Beyond social media, you should also be tracking what other media outlets are saying about your brand. The overall accuracy of the old adage “all press is good press” is another discussion, but when it comes to brand awareness, everything counts.
It’s easy to track any article mentioning your brand, whether a bylined piece written by your team or an editorial article from a news outlet. Also, monitor pieces about any influencers or important staff members of your company.
Plenty of online platforms are out there to help you track your media mentions. Tools like Sprout Social, LexisNexis and Google Alerts will let you know when there’s news about your brand.
In addition to being useful for boosting SEO, backlinks are also a good metric to watch in terms of brand awareness. The site or author that added the link to your site must consider your company (or at least the content it’s linking to) important, helping build your brand authority.
When visitors click the links, they will start to associate your brand with topics related to your product. Backlinks will also help drive web traffic, which we’ve already mentioned is an important metric.
You can use tools like Neil Patel’s site, SE Ranking, Google Analytics, and Ahrefs to track your backlinks. These will show you not only which sites are linking to you, but also allow you to calculate the size of the audience being reached.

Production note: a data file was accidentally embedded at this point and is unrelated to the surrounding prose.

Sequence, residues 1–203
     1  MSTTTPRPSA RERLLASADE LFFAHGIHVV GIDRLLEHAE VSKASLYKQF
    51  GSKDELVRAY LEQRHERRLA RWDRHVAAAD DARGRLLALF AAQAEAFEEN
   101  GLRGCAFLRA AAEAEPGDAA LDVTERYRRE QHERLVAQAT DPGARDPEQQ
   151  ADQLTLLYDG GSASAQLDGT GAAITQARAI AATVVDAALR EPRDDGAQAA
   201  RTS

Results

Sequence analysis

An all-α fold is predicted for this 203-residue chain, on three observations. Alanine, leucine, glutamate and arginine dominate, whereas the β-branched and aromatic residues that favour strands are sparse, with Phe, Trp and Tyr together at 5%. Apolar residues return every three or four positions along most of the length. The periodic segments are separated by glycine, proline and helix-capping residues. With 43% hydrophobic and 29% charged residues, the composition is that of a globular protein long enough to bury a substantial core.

This metric is pretty straightforward, but it can tell you a great deal about your level of achieved brand awareness. With a million hours of video being watched on Facebook alone daily, this type of media is clearly popular with consumers. Checking your video views is one of the most cost-effective ways of measuring brand awareness, and videos also have the highest potential for bringing in reach and impressions.
To track this one, simply look at the number of views your videos are earning. You can host video directly on your site, or use a video sharing platform like YouTube. Be sure to optimize the video and share it on social media and email campaigns.
Do consumers know about your brand?
The only way to know how you’re performing with brand awareness is to track metrics that point to that goal. Anything that shows consumer engagement and interest is a key indicator that your efforts are leading to awareness.
Lauren Dowdle is an award-winning writer and magazine editor based in Nashville, Tenn. Her nearly decade-long writing career has covered everything from landscaping to marketing — plus being interviewed by Jay Leno and winning a backhoe-operating contest. When she’s not behind the keyboard, you’ll find her spoiling her four furry babies and exploring the city with her husband.
This article was originally published by our friends at PostFunnel.